July 17, 2024
The Chairman of the Joint Chiefs of Staff and the Secretary of Defense testified recently before the House and Senate Armed Services Committees about President Biden's fiscal year 2022 defense budget request. Some were surprised to hear China named as the "driver" or pacing threat justifying the decisions made about modernization, force structure and readiness. Whether its praise or criticism, pundits everywhere have their thoughts about how well the request meets the future and present threat. Before any of this came to light Garri Hendell penned this piece for WAR ROOM to look at the role of the U.S. Army in the future war. He has one simple rule to guide the Army; "Anything that detracts from that future mission needs to be jettisoned by the wayside or handed over to the other services." So what is that mission?

Who will do the important but unglamorous military work needed to succeed against the challenges of tomorrow?

In an abandoned coal mine in Norway’s Svalbard archipelago, the Global Seed Vault stores duplicate examples of the seeds that make up the world’s agricultural heritage. With a relatively small staff the Crop Trust that operates the vault safeguards this essential biodiversity against a future calamity. It’s not sexy, it’s not profitable, but it is important work focused on avoiding a future apocalypse.

What if the work needed to adequately protect the Nation against the threat of future conflict required similarly unsexy work? What if those efforts were actually counterproductive to a service’s near-term funding goals? Who will do the important but unglamorous military work needed to succeed against the challenges of tomorrow?

It has been argued elsewhere, convincingly, that the Navy/Marine Corps team is best suited to safeguarding America’s interests and global stability in times of peace (reflected in the now-discarded “Global Force for Good” tagline). The Air Force has always sold itself—grotesquely, in some cases—as the post-WWII guarantors of strategic stability. The Space Force is now out there trying to figure out what to wear, trying to dominate high orbit, and competing for funding with its parent service, the past master of the budget wars up until this point.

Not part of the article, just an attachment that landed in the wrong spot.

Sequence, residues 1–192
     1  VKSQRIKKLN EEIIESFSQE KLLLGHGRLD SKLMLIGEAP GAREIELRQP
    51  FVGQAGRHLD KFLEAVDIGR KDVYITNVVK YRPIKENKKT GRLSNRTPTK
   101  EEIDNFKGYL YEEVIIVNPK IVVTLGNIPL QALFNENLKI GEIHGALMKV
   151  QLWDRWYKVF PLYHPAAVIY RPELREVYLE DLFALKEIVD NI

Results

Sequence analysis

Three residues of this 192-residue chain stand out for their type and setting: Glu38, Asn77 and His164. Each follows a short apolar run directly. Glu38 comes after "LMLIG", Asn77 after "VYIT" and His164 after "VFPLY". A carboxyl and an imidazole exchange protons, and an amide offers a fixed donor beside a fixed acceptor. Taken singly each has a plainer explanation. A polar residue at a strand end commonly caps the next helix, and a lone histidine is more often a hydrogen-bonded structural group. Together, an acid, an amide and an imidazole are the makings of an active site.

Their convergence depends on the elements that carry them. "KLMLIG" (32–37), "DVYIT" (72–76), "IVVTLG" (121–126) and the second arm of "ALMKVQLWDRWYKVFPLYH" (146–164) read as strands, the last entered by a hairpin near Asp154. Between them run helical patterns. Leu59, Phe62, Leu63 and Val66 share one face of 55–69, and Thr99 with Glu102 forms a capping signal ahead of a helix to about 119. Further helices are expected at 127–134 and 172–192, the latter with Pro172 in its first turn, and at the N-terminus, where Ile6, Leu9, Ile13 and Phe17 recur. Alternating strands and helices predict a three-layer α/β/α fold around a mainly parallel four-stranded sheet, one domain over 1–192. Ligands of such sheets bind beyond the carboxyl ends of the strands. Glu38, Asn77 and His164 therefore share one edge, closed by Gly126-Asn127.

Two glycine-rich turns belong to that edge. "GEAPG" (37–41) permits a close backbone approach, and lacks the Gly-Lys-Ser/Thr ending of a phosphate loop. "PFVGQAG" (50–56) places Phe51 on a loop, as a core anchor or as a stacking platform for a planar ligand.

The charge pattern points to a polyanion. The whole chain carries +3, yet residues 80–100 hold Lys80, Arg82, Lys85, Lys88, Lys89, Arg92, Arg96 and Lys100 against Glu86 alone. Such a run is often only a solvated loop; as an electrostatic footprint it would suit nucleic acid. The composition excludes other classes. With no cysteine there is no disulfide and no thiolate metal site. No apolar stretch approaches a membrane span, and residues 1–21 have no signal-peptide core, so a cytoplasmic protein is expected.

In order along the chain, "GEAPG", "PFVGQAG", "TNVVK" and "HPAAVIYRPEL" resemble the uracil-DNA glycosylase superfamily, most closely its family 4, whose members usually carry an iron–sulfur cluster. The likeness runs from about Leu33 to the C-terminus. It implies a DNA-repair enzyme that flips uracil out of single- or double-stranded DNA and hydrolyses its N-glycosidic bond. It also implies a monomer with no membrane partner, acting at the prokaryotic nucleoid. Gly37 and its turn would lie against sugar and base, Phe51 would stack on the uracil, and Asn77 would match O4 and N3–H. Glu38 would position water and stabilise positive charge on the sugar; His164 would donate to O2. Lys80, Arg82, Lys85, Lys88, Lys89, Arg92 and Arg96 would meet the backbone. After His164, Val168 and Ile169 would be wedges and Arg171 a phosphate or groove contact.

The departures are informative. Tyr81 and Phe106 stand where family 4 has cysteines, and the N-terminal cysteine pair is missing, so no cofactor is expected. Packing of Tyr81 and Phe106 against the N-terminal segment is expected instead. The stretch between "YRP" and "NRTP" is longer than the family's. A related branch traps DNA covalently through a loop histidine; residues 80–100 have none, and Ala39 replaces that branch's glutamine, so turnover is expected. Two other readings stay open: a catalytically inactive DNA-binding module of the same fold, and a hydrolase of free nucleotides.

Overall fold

What does that leave for the Army? In an era of low-level conflicts or protracted near-wars the Army currently advocates for itself a role as an embedded expeditionary force with persistent involvement in all theaters of U.S. military operations. This is the “tick” theory of forward deployment, which provides that “ground forces can defeat sophisticated adversary defensive schemes from inside positions”—a concept which at first glance appears to leave Army forces vulnerable, unable to maneuver, and liable to be bypassed. In so doing, the Army is both trying to give the National Command Authority the flexibility it wants in the early days of a developing national strategy and making the standard intra-Pentagon play for funding and continued relevance in an era between major wars.

What is the Army really for? Thomas Barnett’s wartime “Leviathan force” designed to fight and decisively win the nation’s wars on land comes closest. In the same document where the Army Chief of Staff argues for the embedded, expeditionary model to demonstrate relevance in the INDOPACOM area of operations, he acknowledges that “[t]he Army’s most foundational strategic role is the capability and capacity to prevail in large-scale combat.” The Army is the big hammer by which the Nation leverages its economic power and its sizeable population to rain comprehensive defeat upon its wartime enemies. The Army is supposed to be for WWIII…or something like it.